Top 3 new francophile reads: France between book covers
When I’m not living or traveling in France, I do one of the next best things – I read about it.
Histories, cookbooks, novels in French or in translation: you name it, I read it. Especially memoirs about traveling around, moving to, or living in France.
One of the most perspicacious travelogues I’ve read in a while is Vivian Swift’s ‘Le Road Trip: A Traveler’s Journal of Love and France’ (Bloomsbury, 2012).
I was a little put-off by the title – it sounded a bit too cute. But Swift quickly wins you over with her down-to-earth story of a middle-aged romance and honeymoon in Normandy, its high and low points.
Travel tips are woven in that seem born of both enthusiasm and experience. (She started traveling at the age of 19 and has dozens of countries on her bucket list). And her watercolors are more breathtaking than any collection of photographs.
Romance novelist Eloisa James’ ‘Paris In Love: A Memoir’ (Random House, 2012) has a longer trajectory: a sabbatical year instead of Swift’s several weeks. James went to Paris with her husband Alessandro and two youthful children not long after recovering from cancer. Actually, the book reads like a journal and is the product of Web posts during her time abroad.
In less elegant hands, the book might have been a plodding affair. But James, a nom de plume, knows how to draw you in to the daily life of a family. (She’s really Mary Bly, on the Fordham University English department faculty).
You follow James’ children to school, share the tribulations associated with a change in culture and language, and root for the kids who triumph toward the end. James describes what it’s like setting up house in a foreign city and takes you along to some of her favorite places. It’s like museum-going and shopping excursions with a good friend. Breezy, fun, but savvy.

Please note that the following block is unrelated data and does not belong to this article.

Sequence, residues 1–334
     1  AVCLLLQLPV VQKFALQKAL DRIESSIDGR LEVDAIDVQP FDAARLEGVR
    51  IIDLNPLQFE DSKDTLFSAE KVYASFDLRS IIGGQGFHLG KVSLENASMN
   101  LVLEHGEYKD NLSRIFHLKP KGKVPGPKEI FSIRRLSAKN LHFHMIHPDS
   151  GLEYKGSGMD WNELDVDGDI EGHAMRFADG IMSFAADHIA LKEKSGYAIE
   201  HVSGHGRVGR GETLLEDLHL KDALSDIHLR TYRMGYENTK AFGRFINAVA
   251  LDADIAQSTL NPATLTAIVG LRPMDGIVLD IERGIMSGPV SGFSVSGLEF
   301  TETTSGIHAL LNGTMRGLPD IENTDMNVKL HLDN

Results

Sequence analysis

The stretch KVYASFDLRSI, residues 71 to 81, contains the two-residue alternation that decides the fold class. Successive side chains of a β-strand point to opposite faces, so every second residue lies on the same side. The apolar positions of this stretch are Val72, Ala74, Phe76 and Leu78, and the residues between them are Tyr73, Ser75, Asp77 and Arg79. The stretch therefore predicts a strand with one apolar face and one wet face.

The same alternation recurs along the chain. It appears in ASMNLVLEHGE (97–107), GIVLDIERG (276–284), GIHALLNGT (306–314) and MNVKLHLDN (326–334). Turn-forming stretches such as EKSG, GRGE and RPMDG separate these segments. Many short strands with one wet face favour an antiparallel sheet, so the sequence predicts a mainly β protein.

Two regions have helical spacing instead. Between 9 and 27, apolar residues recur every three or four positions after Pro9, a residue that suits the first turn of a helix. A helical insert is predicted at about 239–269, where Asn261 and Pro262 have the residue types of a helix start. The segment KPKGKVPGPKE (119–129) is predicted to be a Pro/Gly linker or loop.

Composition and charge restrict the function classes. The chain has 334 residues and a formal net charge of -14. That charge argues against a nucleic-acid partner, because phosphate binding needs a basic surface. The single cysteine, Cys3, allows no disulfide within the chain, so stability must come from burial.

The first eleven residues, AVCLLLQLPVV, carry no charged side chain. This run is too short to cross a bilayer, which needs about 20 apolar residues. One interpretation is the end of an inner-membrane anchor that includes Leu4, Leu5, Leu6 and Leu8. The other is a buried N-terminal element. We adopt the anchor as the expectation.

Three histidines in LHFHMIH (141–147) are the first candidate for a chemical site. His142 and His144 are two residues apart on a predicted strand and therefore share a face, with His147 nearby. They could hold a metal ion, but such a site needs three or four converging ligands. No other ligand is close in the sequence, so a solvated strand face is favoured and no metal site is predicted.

The last book on my recent list left me a bit unnerved. Rosecrans Baldwin’s ‘Paris I Love You But You’re Bringing Me Down‘ (Farrar, Straus, Giroux, 2012) has a nasty edge. Although he’s lucky enough to get a cushy job for 18 months at a French advertising agency, the author is never completely happy. You want to take him in hand and say “Stop whining!”
But I guess that’s the point: not every assignment, even the one you’ve dreamt about, is going to be perfect or without adjustment. Language confusion. Downright weird co-workers. Contrasting life-styles. The trouble is he doesn’t seem to ‘get it’ until it’s almost time to go home. I almost wished his wife Rachel had written the book. She’s the one who, without a regular job, figuratively climbs the walls of their apartment, eager to break out. But she knew how to love the city. And, because of her, we do too.
If you were sitting in a café in Paris right now, what book would you have at your side?Image credits:
1. Emily Carlin, via Flickr
2. Vivian Swift, via vivianswift.net
3. Eloisa James, via ParisInLoveBook
4. Rosecrans Baldwin, via The Last Picture Show